The Archbishops' anti-racism taskforce report calls for urgent changes. Failure to act could be the ‘last straw’ for many from the UK minority ethnic (UKME) backgrounds. Setting out 47 action areas across participation, governance, training, education and young people, the report states that racism is a sin. The church has been discussing the issue for 44 years. The nine-strong taskforce was set up in autumn 2020 to review previous reports of racial justice, discover whether their recommendations had been implemented, and prepare the ground for the establishment of a longer-term Commission on Racial Justice. One of the report’s main recommendations is the recruitment of more bishops and senior members of the church from UKME backgrounds, with suggested quotas. It highlights the fact that the new Bishop of Chelmsford, Dr Guli Francis-Dehqani, is the only UKME bishop in the Church of England.
England’s church leaders welcomed permission for communal worship under new lockdown. Pray that God will help congregations to take care, and for His shield of protection and wisdom to be around the vulnerable. Cardinal Vincent Nichols said, ‘The regular practice of our faith in God is a well-established source of personal resilience and dedicated service to those in need - vital in these difficult times. I am glad no measures have been introduced to obstruct or curtail this essential source of energy for the common good.’ Pray for God’s blessings to pour over all serving the needs of local communities. Meanwhile in Scotland all places of worship will be banned from hosting physical gatherings throughout January. The only in-person services allowed are weddings, limited to five people, and funerals, where 20 will be allowed. The Bishop of London, who chairs the CofE's Covid recovery group, said the new measures ‘underline the severity of the situation for the country’.
Four men have pleaded guilty to drug offences after selling cocaine from a property owned by the Diocese of Exeter. In May the group was arrested in Ide, near Exeter, after police discovered 2kg of the Class A drug in nearby woods. The street value of the drugs stash was estimated to be around £200,000. Police also recovered approximately £30,000 in cash. Three of the men admitted conspiracy to supply cocaine at Exeter Crown Court last week, and the fourth admitted to a charge of conspiracy to transfer criminal property, which relates to cash seized from his car. The sentencing will be given on 27 November.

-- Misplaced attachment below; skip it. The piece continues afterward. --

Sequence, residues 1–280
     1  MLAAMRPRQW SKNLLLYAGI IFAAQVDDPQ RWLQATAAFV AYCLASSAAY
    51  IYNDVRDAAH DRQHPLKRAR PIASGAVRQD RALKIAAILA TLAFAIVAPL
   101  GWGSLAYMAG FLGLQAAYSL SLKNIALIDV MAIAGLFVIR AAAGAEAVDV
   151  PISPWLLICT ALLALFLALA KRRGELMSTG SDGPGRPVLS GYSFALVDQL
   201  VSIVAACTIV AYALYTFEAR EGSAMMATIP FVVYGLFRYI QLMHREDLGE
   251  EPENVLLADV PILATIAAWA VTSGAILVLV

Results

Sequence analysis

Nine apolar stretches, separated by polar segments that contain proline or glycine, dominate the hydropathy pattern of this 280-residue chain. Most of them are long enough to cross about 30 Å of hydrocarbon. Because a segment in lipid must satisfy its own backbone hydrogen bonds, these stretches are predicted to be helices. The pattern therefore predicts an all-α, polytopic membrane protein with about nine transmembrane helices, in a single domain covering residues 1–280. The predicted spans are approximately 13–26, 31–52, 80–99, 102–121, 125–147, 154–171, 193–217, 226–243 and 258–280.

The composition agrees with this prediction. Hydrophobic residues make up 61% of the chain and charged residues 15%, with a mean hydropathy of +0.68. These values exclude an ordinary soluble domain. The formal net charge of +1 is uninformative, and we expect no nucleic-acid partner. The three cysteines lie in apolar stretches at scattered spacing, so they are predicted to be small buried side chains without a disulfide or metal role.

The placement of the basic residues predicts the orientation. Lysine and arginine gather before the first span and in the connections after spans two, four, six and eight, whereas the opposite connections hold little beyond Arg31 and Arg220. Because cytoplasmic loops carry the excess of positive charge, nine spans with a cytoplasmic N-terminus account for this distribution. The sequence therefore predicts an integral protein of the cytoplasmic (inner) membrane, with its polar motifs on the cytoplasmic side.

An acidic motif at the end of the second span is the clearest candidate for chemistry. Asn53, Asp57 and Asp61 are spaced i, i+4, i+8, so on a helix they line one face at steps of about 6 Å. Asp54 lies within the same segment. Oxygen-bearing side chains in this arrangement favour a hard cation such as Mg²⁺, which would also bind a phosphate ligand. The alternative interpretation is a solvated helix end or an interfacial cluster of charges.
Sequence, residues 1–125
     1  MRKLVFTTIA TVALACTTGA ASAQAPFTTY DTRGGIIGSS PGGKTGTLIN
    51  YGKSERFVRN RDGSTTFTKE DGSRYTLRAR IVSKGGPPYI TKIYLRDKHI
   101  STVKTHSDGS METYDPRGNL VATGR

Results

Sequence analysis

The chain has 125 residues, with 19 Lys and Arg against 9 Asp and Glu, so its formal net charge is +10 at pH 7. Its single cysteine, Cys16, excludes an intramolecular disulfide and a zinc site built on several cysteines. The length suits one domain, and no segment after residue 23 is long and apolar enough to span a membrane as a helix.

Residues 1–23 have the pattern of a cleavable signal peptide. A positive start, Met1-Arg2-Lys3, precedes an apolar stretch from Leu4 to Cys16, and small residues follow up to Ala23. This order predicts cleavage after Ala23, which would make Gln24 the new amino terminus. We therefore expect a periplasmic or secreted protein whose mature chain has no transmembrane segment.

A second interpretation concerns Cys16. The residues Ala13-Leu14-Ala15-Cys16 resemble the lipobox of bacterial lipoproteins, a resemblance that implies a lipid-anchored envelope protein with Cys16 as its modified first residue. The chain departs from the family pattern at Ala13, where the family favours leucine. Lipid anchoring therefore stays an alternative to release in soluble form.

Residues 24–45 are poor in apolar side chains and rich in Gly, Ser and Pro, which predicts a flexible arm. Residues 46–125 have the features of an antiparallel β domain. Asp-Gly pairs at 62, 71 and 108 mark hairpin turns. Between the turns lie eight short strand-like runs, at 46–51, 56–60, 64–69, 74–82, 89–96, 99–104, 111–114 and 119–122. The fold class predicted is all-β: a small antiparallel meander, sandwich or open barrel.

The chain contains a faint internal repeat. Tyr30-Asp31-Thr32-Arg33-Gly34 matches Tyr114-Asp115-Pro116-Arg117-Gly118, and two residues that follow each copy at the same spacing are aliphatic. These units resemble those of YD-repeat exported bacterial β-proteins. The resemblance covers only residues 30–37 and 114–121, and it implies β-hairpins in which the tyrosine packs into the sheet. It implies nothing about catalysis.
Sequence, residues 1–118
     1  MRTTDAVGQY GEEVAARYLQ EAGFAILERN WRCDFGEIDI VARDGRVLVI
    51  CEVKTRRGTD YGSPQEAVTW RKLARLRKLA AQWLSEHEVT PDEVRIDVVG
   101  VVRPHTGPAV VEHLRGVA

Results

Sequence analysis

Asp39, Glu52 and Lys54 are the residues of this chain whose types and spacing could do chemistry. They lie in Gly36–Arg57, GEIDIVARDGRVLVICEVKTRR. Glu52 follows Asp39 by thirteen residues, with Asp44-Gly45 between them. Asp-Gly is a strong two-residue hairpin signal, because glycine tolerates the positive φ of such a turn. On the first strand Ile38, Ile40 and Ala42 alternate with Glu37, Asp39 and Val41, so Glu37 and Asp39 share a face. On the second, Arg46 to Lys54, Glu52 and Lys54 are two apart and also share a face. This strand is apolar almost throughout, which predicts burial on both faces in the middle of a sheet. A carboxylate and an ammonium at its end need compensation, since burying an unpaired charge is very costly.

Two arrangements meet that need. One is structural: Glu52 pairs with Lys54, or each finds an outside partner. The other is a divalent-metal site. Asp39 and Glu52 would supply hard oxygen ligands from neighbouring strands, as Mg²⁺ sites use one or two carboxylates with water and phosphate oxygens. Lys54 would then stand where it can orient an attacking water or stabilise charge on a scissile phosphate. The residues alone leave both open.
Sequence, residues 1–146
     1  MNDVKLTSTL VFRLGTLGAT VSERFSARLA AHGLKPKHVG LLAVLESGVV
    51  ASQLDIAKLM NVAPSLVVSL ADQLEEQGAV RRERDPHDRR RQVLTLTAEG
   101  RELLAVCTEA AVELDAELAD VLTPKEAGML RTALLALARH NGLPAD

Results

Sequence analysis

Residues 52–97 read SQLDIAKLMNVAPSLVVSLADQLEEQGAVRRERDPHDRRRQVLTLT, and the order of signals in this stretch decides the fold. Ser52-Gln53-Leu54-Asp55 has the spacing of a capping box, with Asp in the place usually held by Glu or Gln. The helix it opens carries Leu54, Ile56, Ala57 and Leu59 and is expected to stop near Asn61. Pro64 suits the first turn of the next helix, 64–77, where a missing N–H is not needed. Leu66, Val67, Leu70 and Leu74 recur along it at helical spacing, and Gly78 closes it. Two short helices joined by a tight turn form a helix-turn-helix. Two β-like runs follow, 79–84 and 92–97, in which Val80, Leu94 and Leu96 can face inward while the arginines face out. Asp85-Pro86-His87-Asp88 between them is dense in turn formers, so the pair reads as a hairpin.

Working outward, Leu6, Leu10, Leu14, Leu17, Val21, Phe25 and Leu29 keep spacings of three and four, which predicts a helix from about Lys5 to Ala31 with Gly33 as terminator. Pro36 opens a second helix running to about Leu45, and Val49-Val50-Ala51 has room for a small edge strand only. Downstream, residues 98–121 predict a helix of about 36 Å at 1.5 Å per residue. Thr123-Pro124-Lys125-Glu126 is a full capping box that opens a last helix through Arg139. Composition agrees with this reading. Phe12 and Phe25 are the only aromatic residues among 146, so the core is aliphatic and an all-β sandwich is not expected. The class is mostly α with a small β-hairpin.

Steve Chalke has urged the Government to reverse its decision not to extend the free school meals over the holidays until at least Easter. ‘If we believe that we have to provide these children with free school meals, because otherwise they lack the nutrition to be able to grow and thrive and study and succeed during school term times; do we imagine that they can exist on thin air through the six weeks of the summer, or the weeks of Christmas, Easter and half terms? We need to provide a steady ongoing care.’ Currently businesses, local authorities, and community groups have set up to provide thousands of free meals for children in need.
A group of black leaders from across the country, representing many denominations or none and pulled together by the Baptist Union president, have looked at ways of showing solidarity against the real injustices experienced by people of colour in our communities. Petitioning the government is one of those ways. They are encouraging people to sign a parliamentary petition calling for the government to implement recommendations previously raised to tackle the issue. They aim to attract 100,000 signatures so that the petition can be debated in parliament.